What do you want to be when you grow up? I’d like to be as smart as the Philly-area teens named finalists in the nation’s oldest math and science competition, the Regeneron Science Talent Search.
Regeneron Pharmaceuticals and the Society of Science host the annual search, selecting high school seniors based on their projects’ scientific rigor, as well as their “potential to become world-changing scientists and leaders.” Previous finalists have gone on to win Nobel Prizes, National Medals of Science and Fields Medals, per the org.
Of 1,800 applicants in 2022, three local high school seniors are among the search’s top 40: Claire Andreasen, Leo Wylonis and Victor Cai. Each finalist is awarded up to $25,000 and participates in a weeklong competition in March. Top prizes range from $40,000 to $250,000.
Here’s how the students told us they hope to use science to change the world:
Victor Cai — Parkland High School (Allentown, Pennsylvania)
Cai was selected as a finalist for developing a short-range distance sensing radar to help visually impaired people navigate their homes. He told Technical.ly he was inspired to develop his project after his karate teacher of 11 years slowly lost his sight due to a rare eye disease.
“I was eager to do something for him,” he said.
Traditionally, radar algorithms can interfere with Wi-Fi and Bluetooth, making such technology difficult to use in the home. Cai used a “little-known” radar concept, officially called the Multiple Frequency Continuous Wave. His technology uses only four kilohertz of bandwidth, as opposed to one gigahertz required by a traditional algorithm, Cai said.
The device is currently about one foot by one foot in height and width. Cai is developing a smaller prototype that the user can wear around the house.
He said he was elated when the Regeneron Science Talent Search announced he was among the top 40.
“Science allows us to innovate these new technologies and in general, with engineering, to use these technologies around us to develop ways in which we can make people’s lives better,” he said. “For me, it’s really special to create something that hasn’t been possible before.”
Claire Andreasen — The Charter School of Wilmington (Wilmington, Delaware)
Andreasen proved graphene, a sustainable carbon-based material, can develop magnetic properties under certain conditions — making it applicable for use in electronics such as hard drives, transistors and MRIs.
“The magnetic materials in electronics and electronic components (such as hard drives, transistors, MRIs, generators, and more) are typically made out of expensive materials that require unethical and unsustainable mining practices,” Andreasen wrote in an email to Technical.ly. “One way we can improve the efficiency, cost, sustainability, and ethicality of electronics is by discovering alternative magnetic materials.”
Her proof of graphene’s magnetic capabilities allows scientists to question if other non-magnetic materials can develop similar controllable characteristics, she said.
For her research, Andreasen used modeling and computational software, such as MATLAB and Ovito, to analyze individual atoms in graphene. She spent a year working on the project, but was still surprised by her induction into Regeneron’s top 40.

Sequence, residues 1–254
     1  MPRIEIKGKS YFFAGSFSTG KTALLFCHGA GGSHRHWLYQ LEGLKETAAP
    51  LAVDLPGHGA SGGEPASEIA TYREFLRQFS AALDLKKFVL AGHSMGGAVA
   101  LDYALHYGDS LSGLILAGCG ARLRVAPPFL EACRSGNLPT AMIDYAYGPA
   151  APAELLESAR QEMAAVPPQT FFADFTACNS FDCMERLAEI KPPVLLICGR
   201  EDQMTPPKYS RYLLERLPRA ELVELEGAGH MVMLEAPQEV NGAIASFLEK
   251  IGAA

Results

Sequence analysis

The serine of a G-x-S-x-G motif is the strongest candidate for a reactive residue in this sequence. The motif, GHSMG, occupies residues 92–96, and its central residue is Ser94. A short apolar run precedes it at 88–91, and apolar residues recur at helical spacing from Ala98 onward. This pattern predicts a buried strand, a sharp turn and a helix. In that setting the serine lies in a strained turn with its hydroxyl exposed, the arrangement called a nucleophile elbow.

“I was very, very shocked and excited. I am still very, very shocked and excited. A lot of the activities I do outside of research are not STEM-focused and this was my first big research project, so I didn’t expect to be named a finalist,” Andreasen wrote. When she’s not developing her research, Andreasen co-leads an environmentalism club at her school, plays the French horn and participates in Delaware’s Youth in Government, similar to mock trial.
Andreasen focused on graphene because of its sustainability. After graduating, she hopes to fuse environmental and science studies, researching clean energy solutions.
For now, she’s looking forward to connecting with the other finalists during the weeklong competition.
“I have been watching the intro videos of the other finalists,” she wrote, “and it’s shocking to see how much we have in common beyond science.”
Leo Wylonis — Conestoga High School (Berwyn, Pennsylvania)
Wylonis always liked working with his hands. When he was little, he built Lego robots. Inspired by loved ones’ experiences with surgery, he developed a motor for use in MRI robotics that got him a spot in Regeneron’s top 40.
During surgery using MRI robotics, procedures are completed while a patient is in the MRI, or magnetic resonance imaging, machine. Because the MRI is broadcasting a live image of the patient’s body, it leaves less room for error than typical surgery. However, there can be no metal tools inside the MRI because it will degrade the machine’s images.
Wylonis developed a non-metal DiSERVO motor from mostly custom-printed 3D plastic parts for use in MRI robotics. His prototype was tested to have higher torque, be faster and more accurate than the leading motor used in the field, which was developed by Johns Hopkins University researchers, per his project abstract.
Wylonis plans to study engineering after high school. He attributes his lifelong interest in science to the excitement of creating new things.
“There are so many different innovations going on in the world that are completely new,” he said. “The prospect of making something completely new that helps the world is really cool, and I really like getting in the flow of a project and completing it to its finish.”
All of three local students are excited about meeting their fellow finalists during the competition from March 9 to 16.
“It’s kind of nice to have a wide range of topics being researched by all of the finalists and to just get to know different areas of science and how they are improving our lives,” Cai said. “And we all have that shared passion for using science to improve the world.”-30-